Well, here's the kicker - New Morning is easily as friendly, if not even more so, than Self Portrait could ever claim to be. Just take this very first song - from the bouncy, electric piano-laden, casual guitar lick driven arrangement, to those moon-June rhymes as Bob declares his undying love to some anonymous person (the "and you know it's true" is a particularly nice touch), you have a song that's almost impossible not to love. It's almost like Dylan's version of an adorable dog that you can't help but want to pet; it makes no other intimations than to be a nice, poppy little song, and to think of it as anything else would be entirely disingenuous. Trying to pick some sort of deeper meaning out of this song is both fruitless and besides the point. It's a fun song. Bob's certainly allowed his share.
Where my problems with the song lie, then, is in that very arrangement that Bob ended up using for the official version. This is obviously a matter of preference arising here, but I consider myself a much bigger fan of the take that made it onto the first Bootleg Series, with George Harrison riding shotgun. Taken at a slower tempo, with a nifty little slide guitar arrangement cropping up between the verses and Bob chiming in with some always-welcome harmonica, this particular version (which Harrison would end up utilizing for his own version of "If Not For You") gives the song a more laid-back feel, one that might not have worked quite as well in the context of the rest of the album, but one that suits the song far more than the bouncy, yet slightly jumpy official arrangement. Dylan, for whatever reason, ended up scrapping that take (perhaps it was never meant to see official release - maybe it was meant as guideline for Harrison's eventual version), and going with one that has its own merits but seems distinctly inferior. Ah well, that's just me.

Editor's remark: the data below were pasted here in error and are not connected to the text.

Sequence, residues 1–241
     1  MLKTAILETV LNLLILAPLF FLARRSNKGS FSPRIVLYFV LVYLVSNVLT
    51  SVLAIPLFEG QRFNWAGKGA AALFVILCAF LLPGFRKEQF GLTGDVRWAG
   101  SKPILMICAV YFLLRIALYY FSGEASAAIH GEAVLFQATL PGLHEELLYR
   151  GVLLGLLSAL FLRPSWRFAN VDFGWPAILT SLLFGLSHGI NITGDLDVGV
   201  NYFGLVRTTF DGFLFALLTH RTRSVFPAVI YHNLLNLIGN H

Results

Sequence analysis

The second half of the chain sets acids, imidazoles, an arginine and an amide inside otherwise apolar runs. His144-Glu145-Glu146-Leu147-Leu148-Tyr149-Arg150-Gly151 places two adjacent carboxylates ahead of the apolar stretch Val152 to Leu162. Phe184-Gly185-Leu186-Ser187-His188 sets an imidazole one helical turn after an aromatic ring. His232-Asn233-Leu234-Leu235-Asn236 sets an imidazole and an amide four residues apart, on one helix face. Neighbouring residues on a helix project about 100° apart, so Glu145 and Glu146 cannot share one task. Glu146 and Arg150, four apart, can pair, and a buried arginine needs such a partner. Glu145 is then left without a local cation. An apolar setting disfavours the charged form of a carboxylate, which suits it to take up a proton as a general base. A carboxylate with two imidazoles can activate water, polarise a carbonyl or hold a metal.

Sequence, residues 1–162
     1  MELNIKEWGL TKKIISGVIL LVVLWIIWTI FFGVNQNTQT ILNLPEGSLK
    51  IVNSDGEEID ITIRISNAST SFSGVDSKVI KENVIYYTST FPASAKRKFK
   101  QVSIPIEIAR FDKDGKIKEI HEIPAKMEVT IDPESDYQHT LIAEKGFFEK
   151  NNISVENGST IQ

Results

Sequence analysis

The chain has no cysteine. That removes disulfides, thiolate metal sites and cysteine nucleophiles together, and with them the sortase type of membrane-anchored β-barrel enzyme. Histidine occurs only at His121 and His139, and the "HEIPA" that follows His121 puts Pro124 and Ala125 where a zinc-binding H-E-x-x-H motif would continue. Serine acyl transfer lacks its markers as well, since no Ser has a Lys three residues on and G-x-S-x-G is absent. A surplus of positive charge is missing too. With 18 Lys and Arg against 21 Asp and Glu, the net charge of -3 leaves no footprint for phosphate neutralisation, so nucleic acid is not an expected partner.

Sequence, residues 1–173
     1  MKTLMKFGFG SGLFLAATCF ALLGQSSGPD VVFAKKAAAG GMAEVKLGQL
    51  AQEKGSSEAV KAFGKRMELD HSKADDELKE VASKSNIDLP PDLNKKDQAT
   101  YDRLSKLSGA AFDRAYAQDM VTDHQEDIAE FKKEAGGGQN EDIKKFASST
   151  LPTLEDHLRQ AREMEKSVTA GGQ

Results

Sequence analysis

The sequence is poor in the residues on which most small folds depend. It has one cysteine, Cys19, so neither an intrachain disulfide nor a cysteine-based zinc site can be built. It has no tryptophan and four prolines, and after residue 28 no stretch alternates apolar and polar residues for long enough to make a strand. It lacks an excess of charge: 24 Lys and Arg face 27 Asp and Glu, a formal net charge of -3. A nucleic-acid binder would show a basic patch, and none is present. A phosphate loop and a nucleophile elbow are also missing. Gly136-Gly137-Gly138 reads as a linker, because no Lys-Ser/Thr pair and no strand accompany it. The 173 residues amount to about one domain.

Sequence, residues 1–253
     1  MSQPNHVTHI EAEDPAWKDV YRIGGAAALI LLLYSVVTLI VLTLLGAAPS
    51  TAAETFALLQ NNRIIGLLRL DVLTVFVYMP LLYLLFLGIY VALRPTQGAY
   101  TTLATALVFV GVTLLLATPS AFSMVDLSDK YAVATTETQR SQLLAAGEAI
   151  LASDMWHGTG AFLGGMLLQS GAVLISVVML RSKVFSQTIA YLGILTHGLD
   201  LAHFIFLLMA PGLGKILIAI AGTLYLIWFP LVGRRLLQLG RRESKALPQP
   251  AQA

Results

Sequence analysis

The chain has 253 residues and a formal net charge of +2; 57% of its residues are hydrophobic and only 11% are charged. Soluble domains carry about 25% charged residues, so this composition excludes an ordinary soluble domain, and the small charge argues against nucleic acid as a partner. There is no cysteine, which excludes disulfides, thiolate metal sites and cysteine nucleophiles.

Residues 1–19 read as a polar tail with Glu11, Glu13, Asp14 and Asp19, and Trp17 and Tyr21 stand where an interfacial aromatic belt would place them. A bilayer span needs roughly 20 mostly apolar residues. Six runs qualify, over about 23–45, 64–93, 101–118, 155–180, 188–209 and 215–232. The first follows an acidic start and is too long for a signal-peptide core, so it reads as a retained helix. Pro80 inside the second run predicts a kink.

Inauspicious start or no, I still believe that Dylan could not have chosen a better way to kick things off for this album than "If Not For You". Even with the simplistic lyrics, it's still miles ahead of anything on Self Portrait; it'd have to be pretty hard not to be an improvement in that department (although I'd argue "All The Tired Horses" is the better song...). But what's most important is that Bob established right off the bat that while he was still the Bob with a smile on his face (well, until "Day of the Locusts" turns that smile into a sneer), this was a Bob with a stronger focus behind that smile, one that was eager to remind us that he could still write songs with vitality, songs that had life to them. It's not the greatest possible return to form, but it is a return to form all the same, and a welcome one indeed.
*note: that rationale is why I'm going to leave the 1973 album Dylan be. It may be in print thanks to iTunes (those bastards!), but let's not forget that it was only released by Columbia Records as a big middle finger to the recently departed Bob, and I don't think that makes it worthy of this little project. My apologies to those hoping to read my thoughts on "Big Yellow Taxi".